To claim a gravitational wave detection, we need to take enough data to calculate how often the signal we measured could be produced by a random coincidence in background noise. In the case of GW150914, we needed the equivalent of 16 days of both detectors operating as expected at the same time. Since the detectors did not operate continuously in the required configuration, it took from 12 September 2015 to 20 October 2015 to collect enough data for the analysis of GW150914. While collecting this data, we kept the detectors as close as possible to the configuration they were in when GW150914 arrived. However, there were some instances of additional noise due to hardware issues and environmental changes such as weather. During the full data collection period, we identified any data which would be contaminated by excess noise by the auxiliary measurements of the detectors and their environment, and removed it from our analysis. These "vetoes" resulted in the removal of 4% of Hanford's recorded data and 1% of Livingston's recorded data.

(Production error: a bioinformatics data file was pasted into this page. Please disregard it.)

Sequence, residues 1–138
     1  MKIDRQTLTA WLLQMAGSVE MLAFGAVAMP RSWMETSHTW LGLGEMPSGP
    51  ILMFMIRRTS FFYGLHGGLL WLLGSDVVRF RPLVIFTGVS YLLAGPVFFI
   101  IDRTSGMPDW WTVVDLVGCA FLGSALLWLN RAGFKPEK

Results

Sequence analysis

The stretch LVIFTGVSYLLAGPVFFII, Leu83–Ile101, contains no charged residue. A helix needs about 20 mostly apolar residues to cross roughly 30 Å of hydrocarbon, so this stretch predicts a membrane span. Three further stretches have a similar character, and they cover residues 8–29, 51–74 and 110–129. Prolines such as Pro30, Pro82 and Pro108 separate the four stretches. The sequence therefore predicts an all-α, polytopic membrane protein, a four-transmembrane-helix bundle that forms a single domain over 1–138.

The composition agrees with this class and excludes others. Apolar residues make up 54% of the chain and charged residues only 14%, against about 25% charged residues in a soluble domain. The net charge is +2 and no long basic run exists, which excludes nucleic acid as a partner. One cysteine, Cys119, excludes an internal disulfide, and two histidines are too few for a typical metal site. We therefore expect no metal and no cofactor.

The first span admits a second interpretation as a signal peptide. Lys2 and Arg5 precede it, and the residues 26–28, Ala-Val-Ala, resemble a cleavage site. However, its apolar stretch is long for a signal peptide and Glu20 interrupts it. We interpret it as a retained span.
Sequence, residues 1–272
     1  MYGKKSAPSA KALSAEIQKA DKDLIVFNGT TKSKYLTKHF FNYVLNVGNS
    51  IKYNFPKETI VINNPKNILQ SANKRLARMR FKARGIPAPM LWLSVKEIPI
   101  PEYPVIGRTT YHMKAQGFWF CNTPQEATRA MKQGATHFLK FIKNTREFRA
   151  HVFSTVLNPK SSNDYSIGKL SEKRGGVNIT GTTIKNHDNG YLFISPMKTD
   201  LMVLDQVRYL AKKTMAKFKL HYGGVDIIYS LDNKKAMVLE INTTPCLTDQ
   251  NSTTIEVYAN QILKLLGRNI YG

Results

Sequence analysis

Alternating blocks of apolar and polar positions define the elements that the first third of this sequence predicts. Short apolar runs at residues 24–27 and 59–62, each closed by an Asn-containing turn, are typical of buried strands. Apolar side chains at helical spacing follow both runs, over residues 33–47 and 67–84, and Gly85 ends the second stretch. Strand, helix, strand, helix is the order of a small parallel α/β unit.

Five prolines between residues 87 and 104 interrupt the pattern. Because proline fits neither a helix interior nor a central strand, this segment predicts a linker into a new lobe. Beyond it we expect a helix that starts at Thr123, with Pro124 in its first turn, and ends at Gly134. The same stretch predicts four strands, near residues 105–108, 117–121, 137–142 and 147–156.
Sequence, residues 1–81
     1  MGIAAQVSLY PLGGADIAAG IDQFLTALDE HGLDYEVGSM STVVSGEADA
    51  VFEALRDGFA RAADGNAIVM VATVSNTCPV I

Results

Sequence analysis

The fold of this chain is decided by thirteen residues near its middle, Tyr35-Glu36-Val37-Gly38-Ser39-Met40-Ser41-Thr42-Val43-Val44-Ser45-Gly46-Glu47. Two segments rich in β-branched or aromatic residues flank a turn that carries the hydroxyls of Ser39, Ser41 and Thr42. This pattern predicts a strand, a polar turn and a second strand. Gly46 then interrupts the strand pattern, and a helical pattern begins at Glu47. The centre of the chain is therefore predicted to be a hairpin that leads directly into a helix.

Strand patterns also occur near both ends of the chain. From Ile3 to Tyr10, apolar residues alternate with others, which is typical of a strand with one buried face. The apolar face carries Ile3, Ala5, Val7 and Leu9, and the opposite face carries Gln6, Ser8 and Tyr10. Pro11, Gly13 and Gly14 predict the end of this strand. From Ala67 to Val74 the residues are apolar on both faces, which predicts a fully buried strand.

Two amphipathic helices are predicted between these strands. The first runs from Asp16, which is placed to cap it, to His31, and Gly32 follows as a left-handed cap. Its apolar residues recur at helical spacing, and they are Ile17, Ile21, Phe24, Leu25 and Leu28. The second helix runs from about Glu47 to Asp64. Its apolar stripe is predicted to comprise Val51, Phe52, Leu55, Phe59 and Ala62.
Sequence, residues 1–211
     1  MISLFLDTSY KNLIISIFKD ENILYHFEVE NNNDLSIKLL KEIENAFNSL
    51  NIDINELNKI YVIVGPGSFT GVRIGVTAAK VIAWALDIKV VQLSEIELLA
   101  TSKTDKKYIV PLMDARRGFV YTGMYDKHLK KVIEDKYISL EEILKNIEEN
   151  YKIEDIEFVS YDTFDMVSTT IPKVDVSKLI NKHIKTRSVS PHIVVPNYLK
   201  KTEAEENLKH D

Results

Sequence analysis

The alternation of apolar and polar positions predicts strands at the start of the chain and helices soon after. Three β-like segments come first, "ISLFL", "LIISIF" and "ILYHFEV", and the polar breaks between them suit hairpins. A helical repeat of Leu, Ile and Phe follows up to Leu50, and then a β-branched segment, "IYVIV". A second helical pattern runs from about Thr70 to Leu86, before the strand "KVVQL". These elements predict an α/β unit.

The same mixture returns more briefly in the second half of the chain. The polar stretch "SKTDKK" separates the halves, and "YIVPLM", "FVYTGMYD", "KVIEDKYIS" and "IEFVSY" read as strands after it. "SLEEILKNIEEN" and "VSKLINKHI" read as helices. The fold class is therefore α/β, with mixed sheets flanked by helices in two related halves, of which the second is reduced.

The typical sensitivity of the LIGO detectors during this period is shown in Figure 2. The shaded region show the variation in sensitivity, and the narrow range of variation shows that the detectors were operating stably while we collected data used for our analysis.

How do we know GW150914 is real?

At the time the signal arrived, very early in the morning at both sites, the detectors were both operating normally and exhibiting low levels of noise. As soon as GW150914 was identified as a candidate gravitational wave signal, we performed a rigorous series of checks and investigations to ensure the signal was not caused by detector or environment noise. For example, each of the 200,000 auxiliary measurements at both detectors were checked for any indication that GW150914 might be caused by a noise artifact and all checks came back negative. In particular, no sensors which monitor the local environment indicated strong enough disturbances to produce a signal in the gravitational wave channel anywhere near as strong as GW150914.

Conclusion